New to the scene but gaining fast traction with manufacturers is the Multi-directional Impact Protection System (MIPS), which is an innovative slip-plane technology inside the helmet designed to reduce rotational forces that can result from certain impacts.

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Consider Helmet Safety Ratings

  1. DOT - The United States Department of Transportation sets a minimum standard level of protection for helmets.
  2. ECE22.06 - The U.N. Economic Commission for Europe sets a standard level of protection for helmets in Europe.
  3. Snell (M2020D) - A non-profit in the United States founded after the death of Pete Snell, a sports car racer who died from head injuries.

You can find myriad of articles debating the merits of Snell's stringent standards over the government's guidelines and whether or not a helmet with Snell certification is better than DOT or ECE. The bottom line is every helmet MotoSport sells meets or exceeds the standards set by DOT. We also carry helmets certified by ECE as well as helmets manufactured to meet Snell Standards.

Helmets manufacturers sometimes list additional certification ratings for use in Australia, New Zealand and Japan.

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Helmet Size and Head Shape

How to Measure Your Helmet Size

A properly fitted helmet can play a major role in the outcome of an accident. The first step in finding a motorcycle helmet is determining your head size. A helmet that is too big will not protect your head as well as a properly fitted helmet. Follow these steps:

  • Wrap a soft measuring tape around your head about a half inch above your eyebrows, above your ears and around the back of your head at the largest point. It's best to have assistance when measuring.
  • Compare your head size with the specific motorcycle helmet manufacture's size to find a match. Each motorcycle helmet manufacture provides different sizing charts for their helmets so you will need to compare your helmet size to each brand's sizing.
  • Try the helmet on before using it. The helmet should sit squarely on your head with the top of the helmet's eye port just above your eyebrows. A properly fitted motorcycle helmet will not go on easy at first but loosen slightly as it is broken in.
  • If the helmet moves or your fingers fit easily between your head and the helmet you'll likely need a smaller size.The helmet should fit snug around your head and face with no pressure points. If desired, the cheek pads can then be adjusted for better fitting.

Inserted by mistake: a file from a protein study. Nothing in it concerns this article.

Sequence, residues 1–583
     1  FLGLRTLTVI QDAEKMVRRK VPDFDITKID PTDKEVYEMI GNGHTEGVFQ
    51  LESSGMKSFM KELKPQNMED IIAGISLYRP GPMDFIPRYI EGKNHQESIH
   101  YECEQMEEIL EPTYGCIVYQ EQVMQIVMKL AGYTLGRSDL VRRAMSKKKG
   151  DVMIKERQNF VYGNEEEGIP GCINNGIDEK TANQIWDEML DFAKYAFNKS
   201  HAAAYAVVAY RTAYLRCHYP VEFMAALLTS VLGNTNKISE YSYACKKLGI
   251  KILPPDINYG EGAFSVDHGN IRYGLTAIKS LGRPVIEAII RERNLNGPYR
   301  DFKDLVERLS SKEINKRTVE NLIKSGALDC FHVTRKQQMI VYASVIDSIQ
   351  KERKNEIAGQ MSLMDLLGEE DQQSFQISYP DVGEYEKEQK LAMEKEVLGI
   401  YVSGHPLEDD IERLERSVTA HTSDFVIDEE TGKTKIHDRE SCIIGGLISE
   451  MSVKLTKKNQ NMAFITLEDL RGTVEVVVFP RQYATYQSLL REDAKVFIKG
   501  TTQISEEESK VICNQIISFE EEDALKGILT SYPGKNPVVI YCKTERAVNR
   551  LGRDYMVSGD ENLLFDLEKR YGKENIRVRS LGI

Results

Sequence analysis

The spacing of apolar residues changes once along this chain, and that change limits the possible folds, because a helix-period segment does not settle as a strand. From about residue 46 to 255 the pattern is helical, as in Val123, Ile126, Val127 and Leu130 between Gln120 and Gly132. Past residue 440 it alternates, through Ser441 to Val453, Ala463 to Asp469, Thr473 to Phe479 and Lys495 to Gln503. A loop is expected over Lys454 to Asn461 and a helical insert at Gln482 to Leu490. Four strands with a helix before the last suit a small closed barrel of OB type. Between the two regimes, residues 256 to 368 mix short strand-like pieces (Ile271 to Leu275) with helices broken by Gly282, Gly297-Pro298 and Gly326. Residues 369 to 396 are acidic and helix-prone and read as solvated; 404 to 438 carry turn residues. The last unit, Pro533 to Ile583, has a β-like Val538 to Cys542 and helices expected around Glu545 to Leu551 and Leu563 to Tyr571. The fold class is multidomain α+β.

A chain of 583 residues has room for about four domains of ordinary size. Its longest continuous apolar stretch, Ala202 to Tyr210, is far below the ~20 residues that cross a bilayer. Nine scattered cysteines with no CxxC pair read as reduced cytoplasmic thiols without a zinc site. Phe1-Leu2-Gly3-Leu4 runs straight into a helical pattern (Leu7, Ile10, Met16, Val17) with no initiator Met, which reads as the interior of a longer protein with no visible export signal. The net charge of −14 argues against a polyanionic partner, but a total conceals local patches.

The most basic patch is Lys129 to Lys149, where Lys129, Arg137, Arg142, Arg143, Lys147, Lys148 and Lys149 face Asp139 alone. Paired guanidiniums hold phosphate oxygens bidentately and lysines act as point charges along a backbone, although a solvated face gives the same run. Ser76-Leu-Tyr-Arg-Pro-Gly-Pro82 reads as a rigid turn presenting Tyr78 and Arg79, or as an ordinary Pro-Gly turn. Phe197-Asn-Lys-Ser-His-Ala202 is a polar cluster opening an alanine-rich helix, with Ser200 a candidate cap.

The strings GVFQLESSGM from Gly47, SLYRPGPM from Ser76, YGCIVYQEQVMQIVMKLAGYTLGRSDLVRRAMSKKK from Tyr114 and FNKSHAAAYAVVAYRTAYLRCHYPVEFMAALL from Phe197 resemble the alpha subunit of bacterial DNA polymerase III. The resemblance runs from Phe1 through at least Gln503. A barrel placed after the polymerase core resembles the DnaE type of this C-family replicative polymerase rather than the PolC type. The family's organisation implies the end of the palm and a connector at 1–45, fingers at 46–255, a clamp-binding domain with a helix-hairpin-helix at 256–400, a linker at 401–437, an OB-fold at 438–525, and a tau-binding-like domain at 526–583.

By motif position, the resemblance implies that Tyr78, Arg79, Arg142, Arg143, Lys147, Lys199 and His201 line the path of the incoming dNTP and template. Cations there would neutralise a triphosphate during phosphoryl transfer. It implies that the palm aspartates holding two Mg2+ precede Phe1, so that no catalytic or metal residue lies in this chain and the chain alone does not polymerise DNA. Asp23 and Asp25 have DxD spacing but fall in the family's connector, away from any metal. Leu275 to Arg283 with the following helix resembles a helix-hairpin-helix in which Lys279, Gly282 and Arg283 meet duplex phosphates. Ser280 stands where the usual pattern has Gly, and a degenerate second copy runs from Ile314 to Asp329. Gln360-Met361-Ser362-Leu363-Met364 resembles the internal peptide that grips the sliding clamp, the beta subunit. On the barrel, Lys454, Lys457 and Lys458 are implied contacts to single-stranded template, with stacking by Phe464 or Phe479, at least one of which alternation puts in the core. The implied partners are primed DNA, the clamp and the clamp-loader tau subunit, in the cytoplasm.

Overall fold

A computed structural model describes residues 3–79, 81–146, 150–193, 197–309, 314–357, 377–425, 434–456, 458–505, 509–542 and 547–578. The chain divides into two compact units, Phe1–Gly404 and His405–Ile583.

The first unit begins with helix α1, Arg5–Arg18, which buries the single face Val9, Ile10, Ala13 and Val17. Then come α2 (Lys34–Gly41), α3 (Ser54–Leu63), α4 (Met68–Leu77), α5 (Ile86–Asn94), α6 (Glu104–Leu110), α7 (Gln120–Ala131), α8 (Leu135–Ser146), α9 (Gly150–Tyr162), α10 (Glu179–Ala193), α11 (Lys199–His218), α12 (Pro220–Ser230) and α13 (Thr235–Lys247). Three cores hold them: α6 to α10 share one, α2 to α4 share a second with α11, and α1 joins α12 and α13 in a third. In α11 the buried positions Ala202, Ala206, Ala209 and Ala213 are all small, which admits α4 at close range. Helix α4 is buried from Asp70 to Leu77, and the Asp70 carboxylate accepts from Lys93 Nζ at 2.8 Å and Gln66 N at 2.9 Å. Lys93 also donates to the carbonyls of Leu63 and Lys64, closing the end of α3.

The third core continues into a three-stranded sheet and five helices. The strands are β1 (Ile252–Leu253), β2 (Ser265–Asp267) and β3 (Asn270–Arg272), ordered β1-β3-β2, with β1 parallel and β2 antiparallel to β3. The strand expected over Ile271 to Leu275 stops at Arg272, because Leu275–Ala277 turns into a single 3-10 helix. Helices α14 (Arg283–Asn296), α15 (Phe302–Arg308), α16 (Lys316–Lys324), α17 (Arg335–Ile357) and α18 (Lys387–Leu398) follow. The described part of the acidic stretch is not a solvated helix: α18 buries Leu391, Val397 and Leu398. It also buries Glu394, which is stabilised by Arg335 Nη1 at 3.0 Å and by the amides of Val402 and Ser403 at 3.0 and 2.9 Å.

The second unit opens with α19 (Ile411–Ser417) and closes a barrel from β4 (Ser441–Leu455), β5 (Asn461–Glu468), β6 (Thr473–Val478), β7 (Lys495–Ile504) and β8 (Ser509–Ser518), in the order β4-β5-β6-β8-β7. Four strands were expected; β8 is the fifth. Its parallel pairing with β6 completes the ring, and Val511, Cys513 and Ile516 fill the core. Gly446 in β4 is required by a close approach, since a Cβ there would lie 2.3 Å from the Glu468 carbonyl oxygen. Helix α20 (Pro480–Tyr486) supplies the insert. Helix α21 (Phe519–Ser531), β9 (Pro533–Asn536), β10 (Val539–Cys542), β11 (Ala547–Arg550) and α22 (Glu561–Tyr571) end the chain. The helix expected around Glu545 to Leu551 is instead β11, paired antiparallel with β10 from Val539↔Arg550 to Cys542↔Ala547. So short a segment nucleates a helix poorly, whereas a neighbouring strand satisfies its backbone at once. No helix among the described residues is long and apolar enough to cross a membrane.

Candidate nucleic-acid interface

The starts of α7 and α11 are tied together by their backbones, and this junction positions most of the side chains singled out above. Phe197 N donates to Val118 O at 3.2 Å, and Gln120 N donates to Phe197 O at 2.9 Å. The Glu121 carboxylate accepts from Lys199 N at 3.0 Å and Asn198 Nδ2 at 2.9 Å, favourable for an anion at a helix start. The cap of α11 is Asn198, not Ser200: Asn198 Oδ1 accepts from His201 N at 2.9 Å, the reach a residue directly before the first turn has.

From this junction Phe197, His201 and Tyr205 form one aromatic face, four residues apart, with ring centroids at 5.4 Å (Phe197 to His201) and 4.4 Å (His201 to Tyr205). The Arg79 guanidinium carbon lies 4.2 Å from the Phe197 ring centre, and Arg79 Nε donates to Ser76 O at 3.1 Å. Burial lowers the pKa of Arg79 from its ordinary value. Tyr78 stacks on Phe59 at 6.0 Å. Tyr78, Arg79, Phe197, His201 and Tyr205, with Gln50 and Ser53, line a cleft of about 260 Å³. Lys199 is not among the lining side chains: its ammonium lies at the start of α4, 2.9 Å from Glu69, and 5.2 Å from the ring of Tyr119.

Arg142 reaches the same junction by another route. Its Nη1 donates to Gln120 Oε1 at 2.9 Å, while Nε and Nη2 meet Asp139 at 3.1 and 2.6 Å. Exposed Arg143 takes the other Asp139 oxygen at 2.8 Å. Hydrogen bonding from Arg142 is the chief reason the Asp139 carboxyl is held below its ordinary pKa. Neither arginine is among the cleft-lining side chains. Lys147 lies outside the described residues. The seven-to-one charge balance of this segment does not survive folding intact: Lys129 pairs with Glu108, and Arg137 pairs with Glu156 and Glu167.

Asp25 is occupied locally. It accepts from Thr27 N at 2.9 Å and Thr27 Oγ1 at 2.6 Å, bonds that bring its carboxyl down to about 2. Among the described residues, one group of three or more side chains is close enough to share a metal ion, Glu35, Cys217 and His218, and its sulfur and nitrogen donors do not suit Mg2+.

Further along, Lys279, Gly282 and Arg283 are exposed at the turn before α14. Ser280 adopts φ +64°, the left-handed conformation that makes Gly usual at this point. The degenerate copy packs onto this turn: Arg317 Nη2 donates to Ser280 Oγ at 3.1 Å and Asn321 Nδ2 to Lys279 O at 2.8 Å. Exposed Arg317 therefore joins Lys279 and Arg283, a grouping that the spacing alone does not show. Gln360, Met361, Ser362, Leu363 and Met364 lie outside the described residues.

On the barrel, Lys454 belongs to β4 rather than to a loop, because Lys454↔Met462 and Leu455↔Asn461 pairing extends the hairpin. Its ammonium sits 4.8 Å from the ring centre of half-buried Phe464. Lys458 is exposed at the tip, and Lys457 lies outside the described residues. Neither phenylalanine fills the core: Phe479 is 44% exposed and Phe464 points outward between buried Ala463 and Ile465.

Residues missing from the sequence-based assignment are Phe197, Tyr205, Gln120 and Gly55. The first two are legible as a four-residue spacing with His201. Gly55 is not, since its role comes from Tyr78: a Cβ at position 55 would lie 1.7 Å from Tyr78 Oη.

Additionally, you MUST determine your head shape. A perfectly sized helmet may fit snug on one rider but loose or uncomfortable on another. Head shape is just as important as head size. Some manufacturers factor in the following shapes when making their helmets:

  • Long Oval - This shape resembles a more oblong head that is longer front to back and narrow side-to-side
  • Intermediate Oval - This shape closely resembles a round head with a shorter front-to-back and wider side-to-side than the Long Oval. Most companies make their helmets Intermediate Oval.
  • Round Oval - This shape resembles an oblong head that is longer side-to-side rather than front-to-back like the Long Oval.

Helmet shape contributes to overall comfort and safety. A correctly-sized helmet that doesn't fit right is cumbersome and does not offer the same protection as a correctly sized and fitted helmet.

*MotoSport's return policy is easy and hassle free. Click here for instructions on all returns and exchanges.

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When to replace a helmet?

Replace a motorcycle helmet after five years or if damaged in a crash or even dropped.


Price is often reflected in the materials used and the number of features. In short, a more expensive helmet generally offers better protection, comfort and technology but that doesn't mean you can't find a quality helmet for a reasonable price.

For more information on motorcycle helmets or if you're looking for dirt bike helmets check out: